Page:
Jim: “Holly, I’m pretty sure you know by now that La Sierra is being run by those who have already forced the resignation of those four individuals. In other words, IT’S ALREADY BEEN DEALT WITH, and presumably in a way in which you and others should approve.

    Ok, Jim, you seem to think that this situation has been dealt with. I am afraid I don’t agree. It seems that some of the 4 still hold some sort of employment at LSU. Perhaps they have lost some of their positions, but not all. So, what is stopping them from continuing to spread their heresy in the church-owned institution?

    You may not see this as a serious situation, but I do–and I believe Holly and others on this site take it very seriously.

    As usual, the law seems to protect the criminal instead of the victims. My major concern here is the souls of the young people who trusted in their professors and were led straight out of the church because of it. If, as you say, you are interested in spreading the gospel, shouldn’t you also be concerned about which gospel is being spread?

    Another thing–I don’t think you need to shout at Holly. She is trying to stay informed of the facts. I don’t see that as such an awful sin.

      (Quote)

    View Comment
  11. Sean:

    You correctly raise one of the very real and valid legal questions in this lawsuit, and point out at least one of the reasons why a naive and simplistic reading of the law by some is simply that, naive and simplistic–and quite wrong.

    I am certainly aware that some ET readers don’t apparently believe anything that I–a lowly law professor–write, and prefer to get their legal advice from Holly and a few of her supporters, but perhaps, Sean, your voice will cause them to think again . . . perhaps . . . ah, but now I’m probably the one being naive!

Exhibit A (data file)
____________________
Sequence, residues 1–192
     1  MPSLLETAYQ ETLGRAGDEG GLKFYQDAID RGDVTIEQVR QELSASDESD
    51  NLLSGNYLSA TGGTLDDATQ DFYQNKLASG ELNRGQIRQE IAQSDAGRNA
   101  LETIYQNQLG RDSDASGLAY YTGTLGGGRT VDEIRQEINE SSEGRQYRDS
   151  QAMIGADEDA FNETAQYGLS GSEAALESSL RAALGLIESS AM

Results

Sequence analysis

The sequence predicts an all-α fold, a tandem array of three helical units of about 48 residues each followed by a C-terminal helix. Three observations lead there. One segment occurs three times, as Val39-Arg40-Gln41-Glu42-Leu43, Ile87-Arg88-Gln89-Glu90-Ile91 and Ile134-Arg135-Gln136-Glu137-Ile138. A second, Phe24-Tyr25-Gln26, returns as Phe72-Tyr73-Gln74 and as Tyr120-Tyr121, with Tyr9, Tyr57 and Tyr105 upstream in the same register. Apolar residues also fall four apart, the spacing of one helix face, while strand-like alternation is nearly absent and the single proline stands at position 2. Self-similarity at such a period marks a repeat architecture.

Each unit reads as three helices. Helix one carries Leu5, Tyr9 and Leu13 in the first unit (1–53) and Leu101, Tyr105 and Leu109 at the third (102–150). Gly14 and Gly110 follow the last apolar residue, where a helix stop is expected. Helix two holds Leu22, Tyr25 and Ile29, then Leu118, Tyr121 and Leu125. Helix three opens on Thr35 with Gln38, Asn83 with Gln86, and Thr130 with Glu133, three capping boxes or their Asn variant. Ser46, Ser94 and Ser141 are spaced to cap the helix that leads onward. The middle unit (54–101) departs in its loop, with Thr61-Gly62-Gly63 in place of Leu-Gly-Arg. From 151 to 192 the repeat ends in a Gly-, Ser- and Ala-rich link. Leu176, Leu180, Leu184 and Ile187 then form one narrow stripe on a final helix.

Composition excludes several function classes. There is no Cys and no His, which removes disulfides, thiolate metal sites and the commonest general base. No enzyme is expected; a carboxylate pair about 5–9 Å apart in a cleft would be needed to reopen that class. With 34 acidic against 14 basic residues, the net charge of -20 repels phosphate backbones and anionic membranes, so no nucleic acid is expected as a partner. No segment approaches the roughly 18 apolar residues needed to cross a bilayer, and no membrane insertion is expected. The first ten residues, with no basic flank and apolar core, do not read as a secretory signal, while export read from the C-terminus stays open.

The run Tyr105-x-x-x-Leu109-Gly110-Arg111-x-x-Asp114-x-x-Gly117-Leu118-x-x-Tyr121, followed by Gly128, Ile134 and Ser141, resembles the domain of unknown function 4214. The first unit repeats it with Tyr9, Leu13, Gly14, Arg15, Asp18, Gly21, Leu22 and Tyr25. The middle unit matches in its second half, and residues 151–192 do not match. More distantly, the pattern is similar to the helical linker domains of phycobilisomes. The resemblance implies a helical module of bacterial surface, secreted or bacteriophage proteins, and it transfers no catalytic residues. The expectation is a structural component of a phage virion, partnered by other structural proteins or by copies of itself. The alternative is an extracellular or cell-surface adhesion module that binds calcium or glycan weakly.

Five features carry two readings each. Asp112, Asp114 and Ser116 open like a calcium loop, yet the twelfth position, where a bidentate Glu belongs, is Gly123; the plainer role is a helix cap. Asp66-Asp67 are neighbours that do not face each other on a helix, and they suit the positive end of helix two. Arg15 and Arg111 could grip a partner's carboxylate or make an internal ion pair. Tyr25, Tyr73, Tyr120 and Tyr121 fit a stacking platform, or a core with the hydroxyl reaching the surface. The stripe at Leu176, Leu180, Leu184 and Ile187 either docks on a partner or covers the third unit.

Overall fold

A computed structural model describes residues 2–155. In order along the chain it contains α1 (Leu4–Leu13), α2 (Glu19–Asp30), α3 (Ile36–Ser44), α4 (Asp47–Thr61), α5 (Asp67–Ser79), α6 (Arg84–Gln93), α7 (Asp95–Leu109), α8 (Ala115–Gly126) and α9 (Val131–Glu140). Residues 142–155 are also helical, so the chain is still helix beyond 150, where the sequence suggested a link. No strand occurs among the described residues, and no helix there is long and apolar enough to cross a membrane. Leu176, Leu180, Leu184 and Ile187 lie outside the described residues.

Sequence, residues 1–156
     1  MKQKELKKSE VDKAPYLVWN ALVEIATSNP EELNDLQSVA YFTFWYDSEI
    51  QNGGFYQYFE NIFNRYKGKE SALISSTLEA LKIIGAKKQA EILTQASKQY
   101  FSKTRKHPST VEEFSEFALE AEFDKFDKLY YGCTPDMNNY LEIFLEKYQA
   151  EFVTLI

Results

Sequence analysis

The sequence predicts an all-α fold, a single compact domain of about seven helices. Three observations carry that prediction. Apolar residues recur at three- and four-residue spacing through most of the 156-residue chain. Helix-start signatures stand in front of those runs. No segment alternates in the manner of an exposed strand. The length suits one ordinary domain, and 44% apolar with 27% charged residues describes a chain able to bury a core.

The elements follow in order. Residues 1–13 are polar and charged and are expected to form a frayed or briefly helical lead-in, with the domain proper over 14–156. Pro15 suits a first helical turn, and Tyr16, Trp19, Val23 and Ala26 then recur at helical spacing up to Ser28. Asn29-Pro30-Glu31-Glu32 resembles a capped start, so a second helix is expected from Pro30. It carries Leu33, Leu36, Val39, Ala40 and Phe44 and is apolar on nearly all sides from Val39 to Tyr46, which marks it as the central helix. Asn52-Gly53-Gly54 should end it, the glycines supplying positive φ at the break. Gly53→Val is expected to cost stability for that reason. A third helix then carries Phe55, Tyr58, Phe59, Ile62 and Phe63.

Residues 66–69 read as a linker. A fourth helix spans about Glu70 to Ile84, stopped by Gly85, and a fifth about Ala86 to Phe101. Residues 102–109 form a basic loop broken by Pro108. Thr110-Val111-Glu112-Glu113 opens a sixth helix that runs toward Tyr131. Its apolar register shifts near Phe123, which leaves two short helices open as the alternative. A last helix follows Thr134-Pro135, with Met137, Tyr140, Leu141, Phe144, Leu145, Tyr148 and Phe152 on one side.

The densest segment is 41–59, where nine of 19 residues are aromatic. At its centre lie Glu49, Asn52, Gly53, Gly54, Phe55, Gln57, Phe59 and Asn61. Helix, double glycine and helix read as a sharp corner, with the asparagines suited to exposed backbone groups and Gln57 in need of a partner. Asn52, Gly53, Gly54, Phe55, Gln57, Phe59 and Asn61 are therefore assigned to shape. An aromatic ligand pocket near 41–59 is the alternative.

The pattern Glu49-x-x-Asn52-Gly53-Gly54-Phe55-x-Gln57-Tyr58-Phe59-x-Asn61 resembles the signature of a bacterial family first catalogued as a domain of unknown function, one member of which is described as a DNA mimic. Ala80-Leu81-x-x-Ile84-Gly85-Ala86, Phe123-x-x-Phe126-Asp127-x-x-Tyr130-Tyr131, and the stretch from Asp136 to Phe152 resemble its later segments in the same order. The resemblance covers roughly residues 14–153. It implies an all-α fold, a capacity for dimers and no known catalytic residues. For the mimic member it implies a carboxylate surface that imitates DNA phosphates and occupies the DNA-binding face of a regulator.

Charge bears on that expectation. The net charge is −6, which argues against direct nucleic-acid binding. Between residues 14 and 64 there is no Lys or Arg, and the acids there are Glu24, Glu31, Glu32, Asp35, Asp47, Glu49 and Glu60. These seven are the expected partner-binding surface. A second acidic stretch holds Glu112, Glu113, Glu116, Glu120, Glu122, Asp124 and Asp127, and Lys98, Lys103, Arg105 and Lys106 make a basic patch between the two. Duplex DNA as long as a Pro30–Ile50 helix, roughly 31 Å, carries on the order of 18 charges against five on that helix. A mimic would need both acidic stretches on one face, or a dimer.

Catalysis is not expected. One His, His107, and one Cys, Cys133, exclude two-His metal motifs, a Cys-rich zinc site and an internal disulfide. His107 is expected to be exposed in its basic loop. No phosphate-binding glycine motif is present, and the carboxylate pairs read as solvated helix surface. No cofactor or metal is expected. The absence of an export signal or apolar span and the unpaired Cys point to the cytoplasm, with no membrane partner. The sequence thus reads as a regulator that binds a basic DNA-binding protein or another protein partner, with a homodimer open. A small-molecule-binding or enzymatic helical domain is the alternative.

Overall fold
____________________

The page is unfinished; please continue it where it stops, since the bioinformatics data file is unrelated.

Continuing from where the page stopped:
Your penultimate paragraph also accurately reflects the facts, although it does leave out several events that are key to a full understanding of the chronology leading up to the forced resignations.

    However, it is not correct to state that it was “rather common knowledge of many as to what was on the recordings prior to the actions of the church in this case”. That is not accurate.

    The only people who were aware of the full contents of the recording (i.e., the private conversation) prior to the forced resignations were Larry Blackmer, Dan Jackson, Karnik Doukmetzian, Ricardo Graham, Kent Hansen, and possibly one or two other individuals at the GC and/or NAD (some may notice the list does not include Randal Wisbey).

    That was it; while others may have had a copy of the recording, they were not aware of the second half of the recording. And that includes Shane Hilde and Bonnie Dwyer, among perhaps others.

    That said, though, Sean’s final question is still quite valid. At this point no one who is actually knowledgeable of the law can really be sure what the legal implications are, and won’t fully know until the legal case unfolds further. To rush ahead of the legal process and presume to know and understand how the law will be applied to the facts is, to put it charitably, childlike — besides being flat-out wrong.

    And, for the third time, that’s why Shane pulled all direct references to the contents of the recording, once he received professional legal advice.

    Again, though, the primary intent of my earlier posts was not to comment on the legal aspects of the private conversation. No one has yet said how knowing, and then publicly hashing through the details on a private conversation, serves any legitimate public purpose, let alone helps to advance the kingdom of God in any positive way.

    Yes, it has taken a very long time for some sort of action to be taken, BUT THAT ACTION HAS NOW BEEN TAKEN. If you punish your child for misbehaving, do you then keep insisting on dragging out and incessantly rehashing all the details of the particular misbehavior, or do you focus on moving forward, with the expectation that a lesson was learned, and the hope that positive growth will occur as a result?

    Is knowing, and then interminably discussing the details of a private conversation in public and on the internet really where you want to spend your time and efforts?

      (Quote)

    View Comment